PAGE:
Irving Penn: Beyond Beauty, organized by the Smithsonian American Art Museum, is the first retrospective of Penn’s work in nearly twenty years.
Irving Penn (b. 1917, Plainfield, NJ; d. 2009, New York, NY) was one of the twentieth century’s most prolific and influential photographers of fashion and the famous. His pictures, a unique blend of classical elegance and formal innovation, were widely seen in print during his long career at Vogue magazine. His achievement, however, extends beyond conventional notions of depicting beauty or fame to include a radical reconsideration of how we understand fashion, photography, and art, separately and in relation to each other.
A courtly man whose polite demeanor masked an intense perfectionism, Penn adopted a workmanlike approach to making pictures, employing what his friend and Vogue art director Alexander Liberman called “Penn’s American instincts.” Though schooled in painting and design, Penn later chose photography as his life’s work, scraping the paint off his early canvases so they could serve a more useful life as tablecloths or as backdrops for his photographs. Nonetheless, his commitment to making art, evident in even his most commercial works, remained in force throughout the seven decades of his career.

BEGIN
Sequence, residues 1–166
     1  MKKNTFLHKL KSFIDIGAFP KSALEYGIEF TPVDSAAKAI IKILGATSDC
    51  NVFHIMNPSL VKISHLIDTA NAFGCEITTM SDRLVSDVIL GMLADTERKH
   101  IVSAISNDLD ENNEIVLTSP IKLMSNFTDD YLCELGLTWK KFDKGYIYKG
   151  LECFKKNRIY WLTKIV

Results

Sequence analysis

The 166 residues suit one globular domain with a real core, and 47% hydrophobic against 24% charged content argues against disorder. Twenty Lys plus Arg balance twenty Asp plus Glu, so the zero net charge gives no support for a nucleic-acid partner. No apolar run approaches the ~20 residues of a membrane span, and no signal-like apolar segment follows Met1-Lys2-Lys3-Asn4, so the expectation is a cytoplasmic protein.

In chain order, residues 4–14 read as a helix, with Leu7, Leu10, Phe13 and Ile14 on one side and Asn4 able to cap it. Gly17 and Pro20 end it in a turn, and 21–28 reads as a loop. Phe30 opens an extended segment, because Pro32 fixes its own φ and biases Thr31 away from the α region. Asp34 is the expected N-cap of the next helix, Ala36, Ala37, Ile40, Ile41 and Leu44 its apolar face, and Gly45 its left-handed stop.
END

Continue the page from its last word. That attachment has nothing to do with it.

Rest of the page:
This exhibition, the first retrospective museum survey to be organized since the artist’s death, describes the full arc of Penn’s photography from his early, surrealist-influenced work and innovative fashion imagery for which he is best known to the elegiac still lifes and iconoclastic late work that simultaneously incorporate and renounce conventional notions of beauty. The exhibition is arranged in reverse chronology, so that viewers can peel away layers of history, moving from the present into the past.
Credit: Exhibition overview from museum website.
Whether you go or not, the exhibition catalog, Irving Penn: Beyond Beauty, compiles 161 of Penn’s iconic images, including a number of unpublished works. Beautifully designed and illustrated, Irving Penn: Beyond Beauty accompanies the first retrospective exhibition of Penn’s work in nearly 20 years and features photographs from all stages of his career, including street scenes from the late 1930s, celebrity portraits, Parisian fashion photographs, and more private studio images. Merry A. Foresta’s captivating essay introduces this photographer to a younger generation and delves into Penn’s use of photography to respond to social and cultural change, speaking to the depths of human existence.